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Halifax cancels 75 bus trips, transit union says staff shortages will get worse

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Halifax has cancelled an “unprecedented” number of weekday bus trips because of a staffing shortage, the transit worker union said Monday, adding that low hourly wages and gruelling work hours are to blame.

It’s never been harder to retain Halifax Transit staff, Shane O’Leary, president of Amalgamated Transit Union Local 508, said in an interview. Halifax has cancelled 75 out of about 3,970 weekday bus trips in the city, citing a lack of staff.

“I don’t think we’ve ever been so short of (labour) that we had to drop trips like this,” O’Leary said, adding that he worries the staffing levels are “going to get worse before getting better.”

Read more: Halifax Transit cancels more bus trips amid labour shortages

O’Leary, who’s been a transit worker for 23 years, said more and more bus drivers, accessible van drivers and ferry operators in the city are quitting because the pay has not kept up with the rising cost of living and the work hours are long.

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It’s typical, he added, for many Halifax transit operators to work 60 to 70 hours a week, and he said the hours continue to be extended as workers cover for the lack of drivers in the system.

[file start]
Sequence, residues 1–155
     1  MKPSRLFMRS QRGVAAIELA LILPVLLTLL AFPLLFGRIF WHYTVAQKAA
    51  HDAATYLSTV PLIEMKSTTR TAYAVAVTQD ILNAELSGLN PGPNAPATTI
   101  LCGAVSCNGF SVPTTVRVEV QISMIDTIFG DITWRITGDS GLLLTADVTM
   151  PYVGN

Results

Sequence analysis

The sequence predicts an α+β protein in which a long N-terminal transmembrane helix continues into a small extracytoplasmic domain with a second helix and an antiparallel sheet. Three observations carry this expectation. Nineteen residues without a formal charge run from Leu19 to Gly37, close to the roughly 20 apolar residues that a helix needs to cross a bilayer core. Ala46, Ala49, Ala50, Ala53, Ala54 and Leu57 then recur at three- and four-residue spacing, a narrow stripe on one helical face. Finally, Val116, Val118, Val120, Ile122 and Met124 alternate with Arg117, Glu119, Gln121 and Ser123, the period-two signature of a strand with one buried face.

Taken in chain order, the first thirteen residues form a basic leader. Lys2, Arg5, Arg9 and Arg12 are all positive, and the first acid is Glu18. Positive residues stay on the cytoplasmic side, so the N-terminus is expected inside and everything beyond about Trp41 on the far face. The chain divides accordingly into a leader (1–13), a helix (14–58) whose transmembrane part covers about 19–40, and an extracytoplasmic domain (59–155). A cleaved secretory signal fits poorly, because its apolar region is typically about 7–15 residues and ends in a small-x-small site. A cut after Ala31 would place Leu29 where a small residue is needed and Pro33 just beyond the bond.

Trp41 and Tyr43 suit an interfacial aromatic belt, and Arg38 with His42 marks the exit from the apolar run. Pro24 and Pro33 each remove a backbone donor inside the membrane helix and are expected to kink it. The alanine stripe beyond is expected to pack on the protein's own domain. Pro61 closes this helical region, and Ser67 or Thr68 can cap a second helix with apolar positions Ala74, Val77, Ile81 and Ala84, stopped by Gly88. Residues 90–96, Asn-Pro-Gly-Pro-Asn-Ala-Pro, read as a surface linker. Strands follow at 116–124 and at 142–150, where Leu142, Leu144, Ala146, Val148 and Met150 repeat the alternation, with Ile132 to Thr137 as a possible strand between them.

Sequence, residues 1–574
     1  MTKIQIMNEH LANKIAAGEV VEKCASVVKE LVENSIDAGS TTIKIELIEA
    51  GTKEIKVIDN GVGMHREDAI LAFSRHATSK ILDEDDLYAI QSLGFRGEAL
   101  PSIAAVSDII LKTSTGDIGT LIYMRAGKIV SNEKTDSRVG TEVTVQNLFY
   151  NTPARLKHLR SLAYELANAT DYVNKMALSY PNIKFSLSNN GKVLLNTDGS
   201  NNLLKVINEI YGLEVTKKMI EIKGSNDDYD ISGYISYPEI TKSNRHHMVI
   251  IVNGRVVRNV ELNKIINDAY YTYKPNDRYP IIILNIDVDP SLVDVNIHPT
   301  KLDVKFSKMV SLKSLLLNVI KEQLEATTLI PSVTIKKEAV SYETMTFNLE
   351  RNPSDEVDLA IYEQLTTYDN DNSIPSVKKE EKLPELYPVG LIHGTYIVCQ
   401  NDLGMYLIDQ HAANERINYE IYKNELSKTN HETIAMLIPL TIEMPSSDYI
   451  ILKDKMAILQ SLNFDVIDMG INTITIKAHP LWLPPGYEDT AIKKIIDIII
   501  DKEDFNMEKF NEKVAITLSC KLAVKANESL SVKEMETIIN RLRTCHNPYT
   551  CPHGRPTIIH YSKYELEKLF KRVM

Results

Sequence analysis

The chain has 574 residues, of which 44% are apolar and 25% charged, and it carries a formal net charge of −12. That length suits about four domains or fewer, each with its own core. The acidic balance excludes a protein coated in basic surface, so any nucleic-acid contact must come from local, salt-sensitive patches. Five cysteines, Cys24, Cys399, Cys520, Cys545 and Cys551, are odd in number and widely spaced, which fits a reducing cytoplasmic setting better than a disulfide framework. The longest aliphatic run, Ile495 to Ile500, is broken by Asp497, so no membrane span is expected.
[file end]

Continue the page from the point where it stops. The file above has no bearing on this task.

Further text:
About 40 transit workers have resigned so far in 2022, O’Leary said.

Halifax pays its transit operators $21.45 per hour for training and $22.88 per hour in the first year of work. Operators hit a maximum hourly pay of $28.61 after four years. Operators who drive the city’s accessible buses make about $2 less an hour, O’Leary added.

“People are leaving because of the work and because of the wages, and if we don’t get better work and better wages they will not be able to staff back up,” O’Leary said.

Read more: How Halifax Transit staff shortages have become a very big problem

City spokesperson Maggie-Jane Spray said in an email that Halifax is actively recruiting new transit operators with the help of a marketing campaign and regular transit employment information sessions.

O’Leary said the fastest way to improve hiring and retention of transit operators is to offer them a raise, ideally of around 10 per cent. “Something drastic has to be done now,” he said.

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The city has proposed dates in October to negotiate a new transit operators contract; the current one expired Aug. 31, 2021, O’Leary said. But a clause in the union’s contract permits a wage increase at any time if both parties agree, he added.

Spay said the city has no plans to raise transit workers’ wages ahead of a new contract.

This report by The Canadian Press was first published Aug. 8, 2022.

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